van Zoest V, Varotsis G, Menzel U, Wigren A, Kennedy B, Martinell M, Fall T
Sci Rep 12 (1) 15176 [2022-09-07; online 2022-09-07]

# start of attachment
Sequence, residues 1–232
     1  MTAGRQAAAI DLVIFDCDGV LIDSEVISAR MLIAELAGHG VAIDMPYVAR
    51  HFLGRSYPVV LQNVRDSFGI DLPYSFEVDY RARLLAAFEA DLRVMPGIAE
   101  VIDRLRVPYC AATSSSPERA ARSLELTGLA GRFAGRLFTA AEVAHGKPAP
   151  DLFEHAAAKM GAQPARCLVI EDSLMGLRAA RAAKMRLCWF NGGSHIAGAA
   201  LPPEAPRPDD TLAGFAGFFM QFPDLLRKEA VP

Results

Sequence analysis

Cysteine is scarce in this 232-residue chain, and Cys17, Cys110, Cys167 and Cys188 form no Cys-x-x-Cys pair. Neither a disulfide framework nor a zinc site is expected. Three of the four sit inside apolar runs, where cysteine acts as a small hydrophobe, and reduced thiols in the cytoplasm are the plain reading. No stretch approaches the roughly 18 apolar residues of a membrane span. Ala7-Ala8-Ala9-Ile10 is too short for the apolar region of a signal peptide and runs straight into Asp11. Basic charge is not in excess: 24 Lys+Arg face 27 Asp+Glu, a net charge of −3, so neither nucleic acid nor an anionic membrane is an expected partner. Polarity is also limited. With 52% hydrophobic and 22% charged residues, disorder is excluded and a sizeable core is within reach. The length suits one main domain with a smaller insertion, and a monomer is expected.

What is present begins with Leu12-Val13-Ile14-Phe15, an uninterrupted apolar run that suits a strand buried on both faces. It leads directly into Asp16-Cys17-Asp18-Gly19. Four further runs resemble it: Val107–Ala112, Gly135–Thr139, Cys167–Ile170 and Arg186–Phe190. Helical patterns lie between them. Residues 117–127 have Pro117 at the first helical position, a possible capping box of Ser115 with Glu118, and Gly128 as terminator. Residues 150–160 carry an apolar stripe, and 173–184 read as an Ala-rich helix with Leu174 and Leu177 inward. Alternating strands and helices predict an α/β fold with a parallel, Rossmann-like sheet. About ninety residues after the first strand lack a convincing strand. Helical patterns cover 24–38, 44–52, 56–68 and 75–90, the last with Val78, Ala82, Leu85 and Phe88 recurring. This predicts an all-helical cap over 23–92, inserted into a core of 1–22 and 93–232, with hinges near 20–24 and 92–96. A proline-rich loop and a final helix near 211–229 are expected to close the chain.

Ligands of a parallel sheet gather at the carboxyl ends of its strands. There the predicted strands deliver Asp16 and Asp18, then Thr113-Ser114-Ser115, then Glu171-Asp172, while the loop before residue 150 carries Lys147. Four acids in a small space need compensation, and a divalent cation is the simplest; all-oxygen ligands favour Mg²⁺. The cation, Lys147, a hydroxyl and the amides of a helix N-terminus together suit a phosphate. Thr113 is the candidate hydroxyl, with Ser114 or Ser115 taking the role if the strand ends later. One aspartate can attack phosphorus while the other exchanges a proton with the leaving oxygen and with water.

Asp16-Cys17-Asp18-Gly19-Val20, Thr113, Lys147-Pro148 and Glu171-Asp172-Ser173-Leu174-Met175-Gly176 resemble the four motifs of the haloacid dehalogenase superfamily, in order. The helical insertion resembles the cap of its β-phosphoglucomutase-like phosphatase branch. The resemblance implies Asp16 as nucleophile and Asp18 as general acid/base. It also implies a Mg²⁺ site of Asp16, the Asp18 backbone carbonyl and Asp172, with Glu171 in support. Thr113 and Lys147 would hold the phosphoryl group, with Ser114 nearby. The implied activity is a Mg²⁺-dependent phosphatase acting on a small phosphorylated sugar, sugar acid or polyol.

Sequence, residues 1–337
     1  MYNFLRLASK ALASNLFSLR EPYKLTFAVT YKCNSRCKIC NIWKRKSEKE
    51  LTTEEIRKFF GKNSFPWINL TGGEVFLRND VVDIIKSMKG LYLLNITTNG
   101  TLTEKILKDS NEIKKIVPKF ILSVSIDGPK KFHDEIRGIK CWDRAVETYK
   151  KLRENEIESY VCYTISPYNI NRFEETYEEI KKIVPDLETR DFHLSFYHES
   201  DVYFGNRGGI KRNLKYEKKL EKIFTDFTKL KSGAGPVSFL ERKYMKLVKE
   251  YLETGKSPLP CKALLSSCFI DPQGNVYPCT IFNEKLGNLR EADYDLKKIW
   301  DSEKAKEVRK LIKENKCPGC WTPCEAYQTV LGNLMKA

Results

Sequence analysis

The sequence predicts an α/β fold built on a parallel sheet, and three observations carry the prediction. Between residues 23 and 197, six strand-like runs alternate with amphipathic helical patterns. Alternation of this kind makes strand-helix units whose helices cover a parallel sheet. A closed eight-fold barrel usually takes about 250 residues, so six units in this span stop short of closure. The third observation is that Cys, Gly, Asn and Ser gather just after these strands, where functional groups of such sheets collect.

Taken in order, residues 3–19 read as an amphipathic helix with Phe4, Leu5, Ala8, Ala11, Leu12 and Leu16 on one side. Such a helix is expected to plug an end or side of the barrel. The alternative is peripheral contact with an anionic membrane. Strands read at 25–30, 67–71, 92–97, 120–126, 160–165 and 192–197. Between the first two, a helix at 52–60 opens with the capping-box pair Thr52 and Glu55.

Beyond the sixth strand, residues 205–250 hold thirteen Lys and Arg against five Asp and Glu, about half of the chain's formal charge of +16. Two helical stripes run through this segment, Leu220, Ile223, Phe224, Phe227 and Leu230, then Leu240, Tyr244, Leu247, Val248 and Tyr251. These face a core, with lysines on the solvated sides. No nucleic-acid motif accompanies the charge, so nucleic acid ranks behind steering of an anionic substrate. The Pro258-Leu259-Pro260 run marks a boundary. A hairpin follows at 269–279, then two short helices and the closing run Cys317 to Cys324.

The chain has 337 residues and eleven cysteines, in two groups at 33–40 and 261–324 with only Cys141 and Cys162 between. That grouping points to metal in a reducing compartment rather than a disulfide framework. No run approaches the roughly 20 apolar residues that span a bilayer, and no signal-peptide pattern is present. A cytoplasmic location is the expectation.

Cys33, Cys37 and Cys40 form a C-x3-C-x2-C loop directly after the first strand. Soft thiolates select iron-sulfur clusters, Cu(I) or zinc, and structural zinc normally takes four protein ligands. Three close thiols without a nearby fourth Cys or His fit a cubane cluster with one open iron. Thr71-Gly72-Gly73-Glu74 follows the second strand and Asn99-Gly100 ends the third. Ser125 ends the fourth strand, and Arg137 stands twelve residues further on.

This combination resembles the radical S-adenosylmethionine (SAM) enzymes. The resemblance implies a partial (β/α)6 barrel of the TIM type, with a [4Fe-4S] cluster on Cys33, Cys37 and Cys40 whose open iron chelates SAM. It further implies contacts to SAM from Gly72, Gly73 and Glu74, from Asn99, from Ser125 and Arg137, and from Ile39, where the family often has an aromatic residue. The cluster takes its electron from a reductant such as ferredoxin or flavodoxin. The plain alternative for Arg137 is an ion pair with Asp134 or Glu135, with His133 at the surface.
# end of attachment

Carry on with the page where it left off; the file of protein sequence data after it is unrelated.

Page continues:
Previous spatio-temporal COVID-19 prediction models have focused on the prediction of subsequent number of cases, and have shown varying accuracy and lack of high geographical resolution. We aimed to predict trends in COVID-19 test positivity, an important marker for planning local testing capacity and accessibility. We included a full year of information (June 29, 2020-July 4, 2021) with both direct and indirect indicators of transmission, e.g. mobility data, number of calls to the national healthcare advice line and vaccination coverage from Uppsala County, Sweden, as potential predictors. We developed four models for a 1-week-window, based on gradient boosting (GB), random forest (RF), autoregressive integrated moving average (ARIMA) and integrated nested laplace approximations (INLA). Three of the models (GB, RF and INLA) outperformed the naïve baseline model after data from a full pandemic wave became available and demonstrated moderate accuracy. An ensemble model of these three models slightly improved the average root mean square error to 0.039 compared to 0.040 for GB, RF and INLA, 0.055 for ARIMA and 0.046 for the naïve model. Our findings indicate that the collection of a wide variety of data can contribute to spatio-temporal predictions of COVID-19 test positivity.